Saturday, January 8, 2011

Devanangreji IV: Sign Phonics!

(Previous entries herehere and here)

जयसवाल फलफुल एण्ड जुस फ्रुट सेन्टर
ja-ya-sa-waa-l pha-l-phul-l e-nd ju-s phru-t se-nta-r
Jayasawal Phalphul and Juice Fruit Center

This shop in Jayasawal is called the "Jayasawal Phalphul and Juice Fruit Center." Like the advertisement above it, the sign mixes vocabulary in English and Nepali. "Phalphul" is Nepali for fruit, so the sign actually says "Jayasawal Fruit and Juice Fruit Center." The fact that the word "fruit" appears as a loanword only in the context of the other English loanword "juice" seems to indicate that while selling fruit is a traditional Nepali activity, selling fruit juice is a more modern, commercial activity (as the Mickey Mouse advertisement above, which is also for fruit juice, emphasizes).

First of all, I like the phrase "Shirting, Suiting, & Tailoring Center" on the Machhindra Tailors sign. Is that also a British usage, or is it Nepali-English?

Secondly, here you can see a very common pattern for storefront signs in Kathmandu Valley: Nepali name + English words, written in Devanagari characters and English characters: "मच्छिन्द्र टेलर्स Machhindra Tailors" and "Machhindra Stationary and Books मच्छिन्द्र स्टेशनरी एण्ड बुक्स." The word 'tailors' is spelled with the characters for 'te-lars' instead of the more phonetically accurate 'te-larz' (or rather 'te-larj'). This is to match English spelling I guess. In other places in Patan I've seen the opposite  approach written in English letters: "Ritaz Beauty Parlor."

Also, underneath the Machhindra Stationary and Books sign is written, only in Devanagari, "रिचार्ज कार्ड पाइन्छ" or 'ri-cha-rj ka-rd paa-i-nchha' - "Recharge Card is-available."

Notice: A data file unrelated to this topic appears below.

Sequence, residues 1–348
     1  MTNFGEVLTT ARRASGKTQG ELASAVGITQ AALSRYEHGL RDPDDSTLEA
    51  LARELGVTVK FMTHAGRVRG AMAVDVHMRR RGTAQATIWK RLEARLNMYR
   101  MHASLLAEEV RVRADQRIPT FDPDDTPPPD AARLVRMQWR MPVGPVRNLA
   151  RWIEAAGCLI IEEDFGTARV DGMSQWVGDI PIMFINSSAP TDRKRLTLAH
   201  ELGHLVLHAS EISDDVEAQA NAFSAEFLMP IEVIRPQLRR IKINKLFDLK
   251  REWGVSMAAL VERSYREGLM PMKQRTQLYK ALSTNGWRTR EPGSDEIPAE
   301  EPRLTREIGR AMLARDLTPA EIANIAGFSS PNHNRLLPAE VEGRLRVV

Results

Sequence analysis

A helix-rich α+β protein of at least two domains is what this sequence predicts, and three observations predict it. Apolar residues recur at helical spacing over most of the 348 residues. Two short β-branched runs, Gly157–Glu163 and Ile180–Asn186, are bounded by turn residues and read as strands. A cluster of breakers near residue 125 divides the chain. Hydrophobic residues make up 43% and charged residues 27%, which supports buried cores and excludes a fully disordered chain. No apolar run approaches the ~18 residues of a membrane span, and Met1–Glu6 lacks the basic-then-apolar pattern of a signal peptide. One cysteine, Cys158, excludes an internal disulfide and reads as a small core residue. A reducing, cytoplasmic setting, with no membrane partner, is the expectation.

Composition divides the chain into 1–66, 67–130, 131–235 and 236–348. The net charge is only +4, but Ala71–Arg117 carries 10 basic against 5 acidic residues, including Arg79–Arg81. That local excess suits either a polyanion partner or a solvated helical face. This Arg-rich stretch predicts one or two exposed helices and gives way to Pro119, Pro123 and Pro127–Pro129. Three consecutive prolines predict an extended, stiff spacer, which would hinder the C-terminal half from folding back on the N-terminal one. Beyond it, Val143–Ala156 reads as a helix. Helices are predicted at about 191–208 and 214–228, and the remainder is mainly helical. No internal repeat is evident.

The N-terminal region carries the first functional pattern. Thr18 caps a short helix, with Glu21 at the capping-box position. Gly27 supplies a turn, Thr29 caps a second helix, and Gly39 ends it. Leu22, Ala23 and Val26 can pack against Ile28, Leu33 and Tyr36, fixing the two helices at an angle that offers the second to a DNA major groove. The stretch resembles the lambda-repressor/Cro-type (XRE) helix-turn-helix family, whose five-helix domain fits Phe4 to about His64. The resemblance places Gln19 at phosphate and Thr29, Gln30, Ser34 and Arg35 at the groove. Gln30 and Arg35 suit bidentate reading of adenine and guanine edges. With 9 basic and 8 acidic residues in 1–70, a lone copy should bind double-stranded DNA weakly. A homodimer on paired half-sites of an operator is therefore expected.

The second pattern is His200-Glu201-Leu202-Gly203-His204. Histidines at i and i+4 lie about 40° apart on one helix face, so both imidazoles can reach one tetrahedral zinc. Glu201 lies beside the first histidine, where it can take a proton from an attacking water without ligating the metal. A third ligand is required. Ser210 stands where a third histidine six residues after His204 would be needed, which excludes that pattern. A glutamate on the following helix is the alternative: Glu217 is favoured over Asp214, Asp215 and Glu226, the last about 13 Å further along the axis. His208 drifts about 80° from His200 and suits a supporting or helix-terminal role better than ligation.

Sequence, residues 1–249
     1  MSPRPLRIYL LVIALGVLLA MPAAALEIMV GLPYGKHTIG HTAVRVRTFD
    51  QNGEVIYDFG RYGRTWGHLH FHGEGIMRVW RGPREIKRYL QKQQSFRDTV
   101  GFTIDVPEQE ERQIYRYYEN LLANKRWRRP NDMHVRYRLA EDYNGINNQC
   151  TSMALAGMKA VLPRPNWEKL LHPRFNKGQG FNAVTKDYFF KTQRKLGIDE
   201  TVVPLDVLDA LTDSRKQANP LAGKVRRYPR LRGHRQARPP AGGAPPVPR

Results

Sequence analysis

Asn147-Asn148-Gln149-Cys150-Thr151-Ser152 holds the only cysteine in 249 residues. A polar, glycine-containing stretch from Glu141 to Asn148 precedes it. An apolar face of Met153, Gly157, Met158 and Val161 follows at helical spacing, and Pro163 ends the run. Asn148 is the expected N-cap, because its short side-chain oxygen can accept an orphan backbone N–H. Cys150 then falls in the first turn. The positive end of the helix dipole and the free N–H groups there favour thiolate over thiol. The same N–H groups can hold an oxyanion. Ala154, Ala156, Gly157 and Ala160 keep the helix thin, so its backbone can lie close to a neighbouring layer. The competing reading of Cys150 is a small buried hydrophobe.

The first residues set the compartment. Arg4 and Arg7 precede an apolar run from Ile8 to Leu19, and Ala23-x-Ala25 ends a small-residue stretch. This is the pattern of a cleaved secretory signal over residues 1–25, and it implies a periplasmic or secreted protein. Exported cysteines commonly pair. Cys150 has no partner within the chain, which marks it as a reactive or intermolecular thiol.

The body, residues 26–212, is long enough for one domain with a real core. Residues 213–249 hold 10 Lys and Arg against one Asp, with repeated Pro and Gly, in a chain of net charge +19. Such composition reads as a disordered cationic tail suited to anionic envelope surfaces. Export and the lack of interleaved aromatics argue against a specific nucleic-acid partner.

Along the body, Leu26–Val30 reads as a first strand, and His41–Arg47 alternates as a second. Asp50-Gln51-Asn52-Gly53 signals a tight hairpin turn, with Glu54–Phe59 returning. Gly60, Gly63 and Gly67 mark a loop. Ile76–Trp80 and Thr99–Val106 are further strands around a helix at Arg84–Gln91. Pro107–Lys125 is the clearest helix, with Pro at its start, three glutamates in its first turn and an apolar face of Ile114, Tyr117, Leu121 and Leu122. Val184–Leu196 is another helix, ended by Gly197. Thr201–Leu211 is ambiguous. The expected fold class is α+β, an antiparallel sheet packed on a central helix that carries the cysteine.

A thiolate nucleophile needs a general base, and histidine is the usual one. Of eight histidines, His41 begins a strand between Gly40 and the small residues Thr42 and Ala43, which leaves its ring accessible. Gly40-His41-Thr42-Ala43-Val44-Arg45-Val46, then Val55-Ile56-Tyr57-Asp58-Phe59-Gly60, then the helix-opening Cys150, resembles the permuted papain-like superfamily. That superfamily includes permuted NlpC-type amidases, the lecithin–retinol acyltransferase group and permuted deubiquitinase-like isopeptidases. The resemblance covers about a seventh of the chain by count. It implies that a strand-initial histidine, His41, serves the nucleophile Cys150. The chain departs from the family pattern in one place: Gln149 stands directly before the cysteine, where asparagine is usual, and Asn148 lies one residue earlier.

What is interesting here is that I think most Nepalis use a non-rhotic variety of English for loanwords, meaning that they copy the British in taking out the r in words like 'recharge' and 'card.' But the spelling is still reflected in the Devanagari. I'm told the word 'car' is also spelled कार (kaa-r) even though it is pronounced 'cah.'

In other words, we have managed to get the illogical spelling of our own language exported into a different language with a different script. Fun!

ललितपुर उडकार्भिङ  उद्योग
la-li-t-pu-r u-d-kaa-rbhi-ng u-dyo-g
"Lalitpur Udkarbhing Udyog"

English has more consonant clusters than Nepali, so English-language Devanagari is sometimes identifiable as English even before you read it. You see lots of half-characters that represent consonant clusters. This sign confused me for a few minutes: "Lalitpur" is the name of the district, and "Udyog" is the Nepali word for "industry," but the middle word looks like English. Usually when a word ends with the characters for "-ing" you know that that word has to be English. 

I would have figured out what "Udkharbhing" means a lot quicker if I had just looked down ten feet and seen what was actually going on in the shop itself. It is an English word, but it definitely reflects Nepali-accented pronunciation rather than English spelling conventions. 

1 comment:

  1. That is hilarious about "Udkharbhing". It would have also been funny if you pretended not to know, and presented all kinds of research about possible meanings. If it were me, I would have only noticed the carpenters in the photo once my mouse was hovering over the "Post" button.